During my first week of web working full-time, I was putting in long hours. I hadn’t established a routine, and was still learning the best way to do my job. I discovered a new Workrave message I had never seen before: “You’ve been working too long. It’s time to finish for the day.” It would nag me mercilessly for the last few hours of each day, until I disabled that message altogether. One day I might work out the maximum number of hours I want to work in one day and re-enable the message. But if you have a deadline to meet, you just have to keep working!
But the other two things Workrave nags me about have been very helpful. Every ten minutes, Workrave gets me to have a half-minute break. This gives my fingers and eyes a much-needed break, and doing so keeps me working more effectively. And every fifty minutes, Workrave gets me to take a ten minute break from the computer, which is also a good precaution for my long-term health. But I find those messages also help in two other ways.
When I’m writing, sometimes I struggle to get started. It may be that I’m not sure of what to write about, or what to say, or how to say it. Or my mind might be weary, or distracted by something else. During those times I tend to get up from my desk fairly often and wander around the room. I’m not sure whether I’m trying to clear my head, or just escape! But with Workrave, I’m much less inclined to do that. Because I know that there is a half-minute break scheduled every ten minutes, I tend to persevere with my writing until then. My breaks are more controlled, and before I know it, there is a steady stream of ideas traveling from my mind to my fingers.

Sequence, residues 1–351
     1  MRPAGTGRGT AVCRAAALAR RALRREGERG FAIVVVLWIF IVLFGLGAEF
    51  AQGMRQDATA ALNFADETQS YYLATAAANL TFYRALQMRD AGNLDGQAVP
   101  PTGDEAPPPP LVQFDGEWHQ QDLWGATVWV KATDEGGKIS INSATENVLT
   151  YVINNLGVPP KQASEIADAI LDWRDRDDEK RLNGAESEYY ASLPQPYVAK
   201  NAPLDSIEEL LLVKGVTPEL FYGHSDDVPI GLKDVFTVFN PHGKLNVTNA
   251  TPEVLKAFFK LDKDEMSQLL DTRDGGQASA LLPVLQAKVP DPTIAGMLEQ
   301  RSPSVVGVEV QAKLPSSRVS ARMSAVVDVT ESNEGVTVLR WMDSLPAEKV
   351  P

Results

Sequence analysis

I also find the ten minute breaks very helpful. I’ve learned not to see them as breaks from work, but breaks from the computer. In those ten minutes away from my computer every hour, I have been sorting and filing boxes of miscellaneous papers, decluttering and organizing my workspace, making phone calls, brewing coffee, and jotting ideas down on paper. I wasn’t sure when I would find time for those types of tasks – I tend to put them off if I’m busy – and ten minutes or so an hour seems just about right.
3. I Must Be Ruthless Handling Interruptions